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Has Your Agile Ship Sailed?

December 8, 2010

Sorry agile purists.  In the real world, most development groups that are using agile techniques (a surprisingly small percentage vs. the industry hype) are not using a “pure” agile approach.  They are using a blend of agile and waterfall techniques to the tune of more than 10 to 1, according to a recent article on Application Development Trends.  The article discusses a European survey of this topic published by a tool vendor.  (Caveat Emptor – Remember if you choose to download and read the actual “study”, it is really a vendor marketing piece based on the survey results – not the actual survey).  I guess the assertion that “waterfall is dead” is as premature as that of the mainframe also being dead.

 Is anyone surprised?  Contrary to what we are constantly barraged with by the agile marketers shouting “Agile, agile!” there is no need to swallow the agile elephant whole.  If you are in an organization that is not using agile techniques, don’t be tempted to lunge headlong into adopting everything agile, just because think you are missing the boat.  Not so.  This article / survey show what other studies have recently shown – that organizations doing agile are not (yet) in the majority.  Another indicator is that the primary tools being used to manage agile projects are still Microsoft Excel and Project.  And many groups are just using ad-hoc tools or working manually.

 So you still have time.  Learn from the majority of the organizations surveyed and adopt agile practices a few at a time.  Target the areas where you have the most problems and try out some lightweight practices.  Find out what works for you, give it time to diffuse into your organization, and then move on to adding additional practices. 

 What you will find is that it is not usually about the tools or about the agile practices themselves.  Most of the challenges in agile adoption are about people and organizations.  This survey cites resource management, cultural issues, change management, perceived loss of control, and executive buy-in as major stumbling blocks.  A “tools first” approach will not solve these.  Nor will a process-only approach.  While you are adopting more lightweight techniques, also look at your people issues and assess whether those can be resolved.  Otherwise they will be the rocks upon which your agile ship will run aground.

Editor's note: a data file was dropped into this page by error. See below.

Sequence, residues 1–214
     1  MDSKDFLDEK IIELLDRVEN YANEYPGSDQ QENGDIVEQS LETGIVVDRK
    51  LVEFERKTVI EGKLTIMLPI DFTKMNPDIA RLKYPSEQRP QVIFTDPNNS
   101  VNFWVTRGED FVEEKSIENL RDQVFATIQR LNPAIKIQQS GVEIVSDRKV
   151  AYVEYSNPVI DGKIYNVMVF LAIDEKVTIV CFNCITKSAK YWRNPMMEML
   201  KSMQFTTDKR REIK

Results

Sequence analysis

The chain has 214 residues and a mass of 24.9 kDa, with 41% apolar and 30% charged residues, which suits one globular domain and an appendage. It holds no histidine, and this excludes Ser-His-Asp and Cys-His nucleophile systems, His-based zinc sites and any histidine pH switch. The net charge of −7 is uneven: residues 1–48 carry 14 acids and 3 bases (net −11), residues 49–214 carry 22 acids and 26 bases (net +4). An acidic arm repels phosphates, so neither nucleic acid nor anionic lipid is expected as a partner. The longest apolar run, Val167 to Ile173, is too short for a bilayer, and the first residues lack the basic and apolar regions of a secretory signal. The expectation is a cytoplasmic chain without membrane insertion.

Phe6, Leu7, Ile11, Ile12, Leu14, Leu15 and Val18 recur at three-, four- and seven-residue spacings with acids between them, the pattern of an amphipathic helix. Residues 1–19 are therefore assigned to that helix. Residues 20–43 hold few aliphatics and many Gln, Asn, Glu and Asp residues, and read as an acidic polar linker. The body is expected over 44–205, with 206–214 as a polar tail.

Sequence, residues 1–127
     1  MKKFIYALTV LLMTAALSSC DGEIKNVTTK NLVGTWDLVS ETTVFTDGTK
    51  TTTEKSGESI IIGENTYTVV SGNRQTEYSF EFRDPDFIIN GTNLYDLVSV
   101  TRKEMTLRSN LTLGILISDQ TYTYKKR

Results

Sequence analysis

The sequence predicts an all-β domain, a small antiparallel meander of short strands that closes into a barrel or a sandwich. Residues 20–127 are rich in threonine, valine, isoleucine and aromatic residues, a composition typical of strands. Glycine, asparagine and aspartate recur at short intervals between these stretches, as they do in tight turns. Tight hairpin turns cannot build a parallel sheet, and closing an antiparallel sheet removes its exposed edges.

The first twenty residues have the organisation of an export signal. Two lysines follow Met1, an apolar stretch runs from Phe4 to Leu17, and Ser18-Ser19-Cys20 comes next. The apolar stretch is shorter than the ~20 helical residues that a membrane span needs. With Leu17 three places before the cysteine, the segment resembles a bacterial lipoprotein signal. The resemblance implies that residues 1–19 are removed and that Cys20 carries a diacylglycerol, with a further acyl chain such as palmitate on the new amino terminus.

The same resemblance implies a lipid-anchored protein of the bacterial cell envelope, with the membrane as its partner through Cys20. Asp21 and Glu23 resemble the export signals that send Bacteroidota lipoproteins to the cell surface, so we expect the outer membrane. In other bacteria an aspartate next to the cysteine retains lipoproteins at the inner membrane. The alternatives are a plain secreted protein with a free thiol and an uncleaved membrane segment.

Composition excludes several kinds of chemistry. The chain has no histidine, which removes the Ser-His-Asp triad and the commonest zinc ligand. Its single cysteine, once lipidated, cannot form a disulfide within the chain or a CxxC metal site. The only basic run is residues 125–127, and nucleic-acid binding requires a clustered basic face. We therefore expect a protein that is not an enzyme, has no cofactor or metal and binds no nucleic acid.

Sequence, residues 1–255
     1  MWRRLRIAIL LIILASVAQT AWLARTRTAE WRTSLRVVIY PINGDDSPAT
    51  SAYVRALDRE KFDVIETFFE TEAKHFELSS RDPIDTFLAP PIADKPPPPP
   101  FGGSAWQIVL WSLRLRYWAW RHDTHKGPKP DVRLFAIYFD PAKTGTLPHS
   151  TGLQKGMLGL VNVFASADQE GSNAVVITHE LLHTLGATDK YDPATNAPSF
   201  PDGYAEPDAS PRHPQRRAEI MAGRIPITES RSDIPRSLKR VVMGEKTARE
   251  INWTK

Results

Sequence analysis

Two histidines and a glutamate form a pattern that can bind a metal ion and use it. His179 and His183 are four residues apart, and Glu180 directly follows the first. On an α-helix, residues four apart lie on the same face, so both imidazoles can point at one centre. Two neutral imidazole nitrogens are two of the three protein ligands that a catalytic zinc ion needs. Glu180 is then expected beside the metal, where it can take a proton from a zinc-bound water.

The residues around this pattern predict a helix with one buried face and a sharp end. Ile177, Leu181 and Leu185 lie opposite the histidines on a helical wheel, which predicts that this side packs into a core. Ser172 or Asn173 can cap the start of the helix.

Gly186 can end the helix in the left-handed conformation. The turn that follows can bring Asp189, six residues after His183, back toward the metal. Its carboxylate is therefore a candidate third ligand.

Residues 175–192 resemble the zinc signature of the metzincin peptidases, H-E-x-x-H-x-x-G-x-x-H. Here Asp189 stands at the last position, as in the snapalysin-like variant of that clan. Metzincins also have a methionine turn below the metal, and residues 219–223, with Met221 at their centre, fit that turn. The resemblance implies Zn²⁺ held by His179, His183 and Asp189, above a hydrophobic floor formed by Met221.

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3 comments

  1. Thanks for sharing this!


  2. Agree with all of your statements, but with one caveat. The tendency to ease into it, can’t be a la carte. There are core features that must be implemented for it to have a chance. As you implied, these are primarily people oriented. Marginalizing management’s project participation in Development processes is vital, as is enforcing the 3 roles with their attending responsibilities. At its core, Agile is about empowering people to collectively make good decisions. When a manager, or any 1 person, has a leadership position that can quash the rest of the group, the dynamic is compromised, as is the project.


    • Agreed that the necessary changes can’t simply be a la carte, CarryAnne. There must be an adoption plan that lays in the fundamentals, addresses the organization’s pain, plus introduces changes that address organizational issues like those you mention. Such a plan can then be implemented incrementally. I’m wondering if you have encountered any effective approaches to “marginalize management’s project participation”. May be very hard to do given all organizations of significant size have managers. And most have the authority to “quash” various things. I assume your comment about management participation refers to those managers that have a negative impact on the team. (There are some good managers out there.) Maybe instead of marginalizing their participation, the goal should be to get managers to move their focus more away from the development tasks and more toward the leadership skills that are so vital to an organization’s sustained health and yet are often so hard to find. Let’s have the managers aspire to more than managing. Lead! Motivate! Inspire!



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